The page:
System.out.println(Test.test());
}

public static int test() {
    try {
        return 0;
    }
    finally {
        System.out.println("finally trumps return.");
    }
}

Output:

finally trumps return. 
0

Finally is always run that's the whole point, just because it appears in the code after the return doesn't mean that that's how it's implemented. The Java runtime has the responsibility to run this code when exiting the try block.

For example if you have the following:

int foo() { 
    try {
        return 42;
    }
    finally {
        System.out.println("done");
    }
}

The runtime will generate something like this:

int foo() {
    int ret = 42;
    System.out.println("done");
    return 42;
}

If an uncaught exception is thrown the finally block will run and the exception will continue propagating.


Here's an elaboration of Kevin's answer. It's important to know that the expression to be returned is evaluated before finally, even if it is returned after.

public static void main(String[] args) {
    System.out.println(Test.test());
}

public static int printX() {
    System.out.println("X");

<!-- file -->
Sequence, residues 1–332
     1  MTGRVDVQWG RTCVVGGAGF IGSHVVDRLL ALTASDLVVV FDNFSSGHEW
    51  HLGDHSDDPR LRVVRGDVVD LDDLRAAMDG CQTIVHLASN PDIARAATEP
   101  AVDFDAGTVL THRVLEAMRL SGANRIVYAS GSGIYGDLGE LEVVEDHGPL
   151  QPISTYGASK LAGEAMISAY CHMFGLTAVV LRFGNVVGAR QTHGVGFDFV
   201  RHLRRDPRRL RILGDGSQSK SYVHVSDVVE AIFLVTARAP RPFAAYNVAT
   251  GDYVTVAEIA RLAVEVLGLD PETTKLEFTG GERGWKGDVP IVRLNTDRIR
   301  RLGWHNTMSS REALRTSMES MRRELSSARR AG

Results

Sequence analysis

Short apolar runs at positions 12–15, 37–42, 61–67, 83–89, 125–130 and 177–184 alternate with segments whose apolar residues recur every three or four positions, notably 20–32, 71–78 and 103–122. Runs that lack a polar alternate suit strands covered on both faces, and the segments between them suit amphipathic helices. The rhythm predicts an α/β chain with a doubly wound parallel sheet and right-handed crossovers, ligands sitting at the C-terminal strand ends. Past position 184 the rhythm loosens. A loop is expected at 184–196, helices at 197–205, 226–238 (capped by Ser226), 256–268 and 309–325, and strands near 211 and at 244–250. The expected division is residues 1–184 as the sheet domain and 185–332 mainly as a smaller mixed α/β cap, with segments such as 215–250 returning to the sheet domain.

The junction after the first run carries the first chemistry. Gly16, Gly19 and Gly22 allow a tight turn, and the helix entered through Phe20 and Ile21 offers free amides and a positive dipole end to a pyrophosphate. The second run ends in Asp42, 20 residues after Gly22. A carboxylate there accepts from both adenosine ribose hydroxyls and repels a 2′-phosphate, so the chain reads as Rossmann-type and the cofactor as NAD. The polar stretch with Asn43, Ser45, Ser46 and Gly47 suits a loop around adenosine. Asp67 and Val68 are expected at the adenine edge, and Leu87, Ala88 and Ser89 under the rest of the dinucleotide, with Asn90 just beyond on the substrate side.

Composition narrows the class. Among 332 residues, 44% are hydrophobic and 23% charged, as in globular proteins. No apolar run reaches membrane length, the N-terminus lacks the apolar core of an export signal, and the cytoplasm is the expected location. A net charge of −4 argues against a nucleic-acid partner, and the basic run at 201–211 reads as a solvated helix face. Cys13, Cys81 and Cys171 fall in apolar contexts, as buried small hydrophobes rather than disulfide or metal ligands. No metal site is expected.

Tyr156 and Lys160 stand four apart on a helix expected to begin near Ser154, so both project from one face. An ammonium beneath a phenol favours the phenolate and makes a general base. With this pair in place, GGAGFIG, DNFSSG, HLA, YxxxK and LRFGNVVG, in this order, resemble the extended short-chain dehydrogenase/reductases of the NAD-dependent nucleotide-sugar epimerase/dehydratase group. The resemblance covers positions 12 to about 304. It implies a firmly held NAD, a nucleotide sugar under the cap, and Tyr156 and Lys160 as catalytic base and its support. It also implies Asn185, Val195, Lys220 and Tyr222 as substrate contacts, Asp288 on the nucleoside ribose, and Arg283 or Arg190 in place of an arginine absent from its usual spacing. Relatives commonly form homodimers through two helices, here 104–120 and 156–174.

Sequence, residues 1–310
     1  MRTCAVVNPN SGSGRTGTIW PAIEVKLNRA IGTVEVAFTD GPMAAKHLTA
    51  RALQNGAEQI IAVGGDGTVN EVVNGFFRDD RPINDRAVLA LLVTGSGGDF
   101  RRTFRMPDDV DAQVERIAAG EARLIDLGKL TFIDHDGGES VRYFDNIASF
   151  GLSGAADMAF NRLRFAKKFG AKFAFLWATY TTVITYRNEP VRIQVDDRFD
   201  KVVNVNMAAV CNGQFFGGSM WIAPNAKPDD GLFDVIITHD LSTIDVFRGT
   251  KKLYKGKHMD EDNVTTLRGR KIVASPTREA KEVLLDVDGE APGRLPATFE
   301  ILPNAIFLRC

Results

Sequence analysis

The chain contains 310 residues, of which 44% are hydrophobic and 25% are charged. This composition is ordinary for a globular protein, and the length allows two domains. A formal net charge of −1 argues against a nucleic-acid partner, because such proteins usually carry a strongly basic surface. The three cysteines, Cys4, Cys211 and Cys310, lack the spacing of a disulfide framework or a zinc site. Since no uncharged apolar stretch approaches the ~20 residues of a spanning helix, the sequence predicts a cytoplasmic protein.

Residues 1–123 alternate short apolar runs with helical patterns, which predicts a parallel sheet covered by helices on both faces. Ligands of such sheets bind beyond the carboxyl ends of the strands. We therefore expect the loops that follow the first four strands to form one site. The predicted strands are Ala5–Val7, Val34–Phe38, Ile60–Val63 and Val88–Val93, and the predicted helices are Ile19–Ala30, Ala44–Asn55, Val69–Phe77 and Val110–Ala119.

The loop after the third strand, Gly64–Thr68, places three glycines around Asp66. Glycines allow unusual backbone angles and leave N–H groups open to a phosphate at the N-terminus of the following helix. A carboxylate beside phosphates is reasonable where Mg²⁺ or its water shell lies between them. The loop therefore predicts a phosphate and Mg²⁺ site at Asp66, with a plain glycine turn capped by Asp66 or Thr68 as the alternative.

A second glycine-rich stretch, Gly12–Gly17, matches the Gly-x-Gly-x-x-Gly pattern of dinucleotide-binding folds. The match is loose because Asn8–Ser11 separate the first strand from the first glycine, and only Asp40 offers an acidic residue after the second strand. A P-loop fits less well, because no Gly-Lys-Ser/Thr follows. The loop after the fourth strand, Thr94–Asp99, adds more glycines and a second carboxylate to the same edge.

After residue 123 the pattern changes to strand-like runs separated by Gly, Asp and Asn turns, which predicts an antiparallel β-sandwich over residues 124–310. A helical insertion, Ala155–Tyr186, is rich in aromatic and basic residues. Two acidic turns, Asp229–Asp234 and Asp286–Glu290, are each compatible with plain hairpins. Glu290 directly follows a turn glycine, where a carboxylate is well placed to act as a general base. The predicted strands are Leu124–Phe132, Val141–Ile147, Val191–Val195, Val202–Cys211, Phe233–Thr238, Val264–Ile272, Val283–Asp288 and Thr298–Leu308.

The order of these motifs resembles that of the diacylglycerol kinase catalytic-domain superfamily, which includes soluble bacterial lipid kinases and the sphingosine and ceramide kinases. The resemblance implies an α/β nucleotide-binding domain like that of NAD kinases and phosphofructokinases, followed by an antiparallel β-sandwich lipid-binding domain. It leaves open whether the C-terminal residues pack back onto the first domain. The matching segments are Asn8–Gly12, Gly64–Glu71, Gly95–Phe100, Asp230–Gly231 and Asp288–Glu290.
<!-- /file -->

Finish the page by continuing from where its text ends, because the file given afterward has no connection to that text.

return 0;
}

public static int test() {
    try {
        return printX();
    }
    finally {
        System.out.println("finally trumps return... sort of");
    }
}

Output:

X
finally trumps return... sort of
0

I tried the above example with slight modification-

public static void main(final String[] args) {
    System.out.println(test());
}

public static int test() {
    int i = 0;
    try {
        i = 2;
        return i;
    } finally {
        i = 12;
        System.out.println("finally trumps return.");
    }
}

The above code outputs:

finally trumps return.
2

This is because when return i; is executed i has a value 2. After this the finally block is executed where 12 is assigned to i and then System.out out is executed.

After executing the finally block the try block returns 2, rather than returning 12, because this return statement is not executed again.

If you will debug this code in Eclipse then you'll get a feeling that after executing System.out of finally block the return statement of try block is executed again. But this is not the case. It simply returns the value 2.